Even high-quality pet food can be detrimental in improper amounts. If a pet is fed too much or too often, they may be at risk for a variety of health issues that will wind up impacting their behavior. For example, overfeeding can lead to obesity, sluggishness and tiredness, all of which affect your pet's quality of life and their personality.

Experts note that it's important to be sure that you're not feeding your pets too little, either. Underfed pets can experience discomfort and stress due to nutrient deficiency.

Nutrient deficiency due to underfeeding is dangerous for any pet because it can cause a range of issues ranging from weight loss to coat problems to digestive issues. Pets that develop health issues from underfeeding may also experience depression, aggressive feeding behaviors or irritability. To prevent potential issues, pet parents should do the research and speak with their vet regarding the best feeding routine for their pet.

Checking in With Your Pet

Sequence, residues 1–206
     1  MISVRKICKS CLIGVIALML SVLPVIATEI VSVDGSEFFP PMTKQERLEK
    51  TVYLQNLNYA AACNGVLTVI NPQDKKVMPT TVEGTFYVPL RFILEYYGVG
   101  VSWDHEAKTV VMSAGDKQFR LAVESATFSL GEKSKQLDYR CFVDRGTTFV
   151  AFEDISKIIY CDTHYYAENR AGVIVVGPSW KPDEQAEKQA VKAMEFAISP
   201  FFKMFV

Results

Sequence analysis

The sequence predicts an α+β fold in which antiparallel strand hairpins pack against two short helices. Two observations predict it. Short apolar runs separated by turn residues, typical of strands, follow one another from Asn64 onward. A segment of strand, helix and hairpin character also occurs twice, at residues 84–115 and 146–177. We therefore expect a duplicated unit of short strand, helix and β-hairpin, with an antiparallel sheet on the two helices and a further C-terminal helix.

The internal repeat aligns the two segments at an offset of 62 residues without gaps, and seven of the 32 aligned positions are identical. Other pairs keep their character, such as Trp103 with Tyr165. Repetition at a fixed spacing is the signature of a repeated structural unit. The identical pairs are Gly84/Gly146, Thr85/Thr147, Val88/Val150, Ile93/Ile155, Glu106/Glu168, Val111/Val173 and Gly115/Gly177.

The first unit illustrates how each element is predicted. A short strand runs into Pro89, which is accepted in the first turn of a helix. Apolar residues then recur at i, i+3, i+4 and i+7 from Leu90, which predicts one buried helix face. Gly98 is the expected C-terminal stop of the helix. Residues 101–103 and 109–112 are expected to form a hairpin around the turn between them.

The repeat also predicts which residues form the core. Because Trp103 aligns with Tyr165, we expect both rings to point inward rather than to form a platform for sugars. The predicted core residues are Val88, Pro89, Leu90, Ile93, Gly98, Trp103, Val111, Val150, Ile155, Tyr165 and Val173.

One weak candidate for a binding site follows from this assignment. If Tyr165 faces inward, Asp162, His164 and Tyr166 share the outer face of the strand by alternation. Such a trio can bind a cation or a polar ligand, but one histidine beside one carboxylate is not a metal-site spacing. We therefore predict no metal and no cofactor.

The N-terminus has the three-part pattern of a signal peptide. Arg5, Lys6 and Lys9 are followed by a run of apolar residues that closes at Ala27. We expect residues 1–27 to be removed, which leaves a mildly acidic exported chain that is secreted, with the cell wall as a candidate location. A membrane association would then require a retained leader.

Some of the signs that your pet's diet is impacting their health and mood could be easily missed at first glance. Since our pets can only hint that something may be wrong, it's important that pet parents check in with their furry friends and make note of anything suspicious.

If your pet ever shows signs of distress or a serious mood change, always check with a trusted veterinarian to see what the problem might be. A vet will be able to give tips on what the best foods are for your pet's needs while helping you evaluate your current routine.

It's important to consult your pet's veterinarian with any medical concerns, and before making any changes or adding supplements to your pet's health plan.